There are many good things to be found online these days. Among them is Father Vansleb Nouvelle Relation … d’un Voyage fait en Egypte, Paris 1702; the diary of a journey into Egypt in 1672-3. On p.386, we find an account of his visit to Antinoupolis.
I don’t guarantee the accuracy of my translation; but I want to see what he has to say, so as I am reading it, I thought that I would share it.
On April 3, Monday of our Easter, I had myself taken to the ancient town of Insine, so named in the Coptic dictionaries, once known as Antinoe, once as Thebes.
First I went to see the tomb of Mahomet Bey, who was Bey of Girga forty years ago. But after taking up arms against Gaza Pasha, he lost the battle at Melave; and, abandoned by his allies, he was defeated, captured and strangled. His tomb is outside the town, in the communal cemetery, and, although nothing out of the ordinary, I still wanted to see it because he had, and has still, a great reputation among those of his country. His justice and his good government is missed even today in all of Upper Egypt.
After visiting his tomb, I went into the town; and the first thing that I looked at, as a very remarkable antiquity, was the column of the emperor Marcus Aurelius. It is made of five parts, of which four are joined together and the fifth, closest to the ground, is surrounded with decoration. On the pedestal there is a Greek inscription of thirteen lines.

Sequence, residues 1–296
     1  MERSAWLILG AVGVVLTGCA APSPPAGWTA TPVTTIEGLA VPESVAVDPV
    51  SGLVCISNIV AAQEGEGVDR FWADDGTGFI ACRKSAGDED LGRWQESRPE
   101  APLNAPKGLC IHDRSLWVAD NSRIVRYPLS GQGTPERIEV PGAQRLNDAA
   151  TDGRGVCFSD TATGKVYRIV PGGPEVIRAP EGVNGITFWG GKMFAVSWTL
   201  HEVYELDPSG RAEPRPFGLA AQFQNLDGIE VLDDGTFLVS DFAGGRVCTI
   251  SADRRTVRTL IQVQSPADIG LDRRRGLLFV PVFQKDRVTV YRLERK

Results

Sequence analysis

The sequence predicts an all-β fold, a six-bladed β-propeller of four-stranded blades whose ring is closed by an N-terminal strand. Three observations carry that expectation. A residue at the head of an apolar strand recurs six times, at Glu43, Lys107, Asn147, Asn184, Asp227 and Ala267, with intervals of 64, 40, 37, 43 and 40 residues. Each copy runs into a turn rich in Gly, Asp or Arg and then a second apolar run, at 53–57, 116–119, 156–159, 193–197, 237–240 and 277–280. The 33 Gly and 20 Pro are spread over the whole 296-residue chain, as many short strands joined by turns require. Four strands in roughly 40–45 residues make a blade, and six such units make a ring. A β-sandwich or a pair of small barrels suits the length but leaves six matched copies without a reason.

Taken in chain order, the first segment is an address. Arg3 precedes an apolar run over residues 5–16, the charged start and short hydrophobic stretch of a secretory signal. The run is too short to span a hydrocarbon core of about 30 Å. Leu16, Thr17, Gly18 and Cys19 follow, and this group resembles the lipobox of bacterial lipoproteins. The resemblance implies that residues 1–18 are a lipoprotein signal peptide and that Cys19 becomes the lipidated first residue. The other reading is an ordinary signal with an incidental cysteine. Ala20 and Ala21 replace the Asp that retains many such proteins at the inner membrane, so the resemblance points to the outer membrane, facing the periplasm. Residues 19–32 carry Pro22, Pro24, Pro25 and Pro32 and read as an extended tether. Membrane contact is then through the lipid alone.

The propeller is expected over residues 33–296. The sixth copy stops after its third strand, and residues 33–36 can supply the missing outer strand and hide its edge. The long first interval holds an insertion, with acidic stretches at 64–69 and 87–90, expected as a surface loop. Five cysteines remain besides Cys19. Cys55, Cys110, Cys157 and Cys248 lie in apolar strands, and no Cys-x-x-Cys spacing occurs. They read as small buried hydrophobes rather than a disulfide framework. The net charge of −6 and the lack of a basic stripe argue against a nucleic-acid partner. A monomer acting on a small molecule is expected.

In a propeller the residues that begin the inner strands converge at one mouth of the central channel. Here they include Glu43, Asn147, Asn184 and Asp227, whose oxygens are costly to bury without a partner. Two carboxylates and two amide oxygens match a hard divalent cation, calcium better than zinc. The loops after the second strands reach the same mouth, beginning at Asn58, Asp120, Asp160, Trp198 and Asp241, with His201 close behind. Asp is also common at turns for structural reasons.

Near this column I saw three others, very similar to it, scattered on the earth, and only the pedestal of one was standing.
From the column I went to see the triumphal arch, which is still almost complete. I gave myself the pleasure of ascending it, by means of a little staircase made in the body of the wall of the arch, which contained fifty steps, or thereabouts. I lay down at the largest window, which was over the principal arch, from where I had the satisfaction of seeing the entirety of the ruins, and the situation of the town, once so illustrious.
This triumphal arch was alone, and entirely detached from the rest of the ruins, being only four steps from the Nile. But in the absence of an inscription, one cannot say by whom or for whom it was raised. There are no sculptures, as with those at Orange or Rome; but it does not fail to be one of the most beautiful that I have seen.
One of its faces is 80 royal feet in length, and one side is 24. The great arch in the middle, which is between two small ones, is 60 feet high, and each of the little ones is 7 feet high. The thickness of the wall between the large and the little arches, which is only a single stone, is 6 feet and 2 inches. The spacing between the little arch and the outside angle of the Arch is 5 feet. The side that faces the Nile faces south-east.
There are still forty fine columns of granite on the right hand side of the arch, in a straight line, leading towards the Nile. Some still have their capitals. Some stand alone, and others are attached to the huts of the Arabs who live there. On the same side, going towards the monastery of Abuhennis, one can see three fine columns of porphyry, two of which are still standing and one which has fallen down.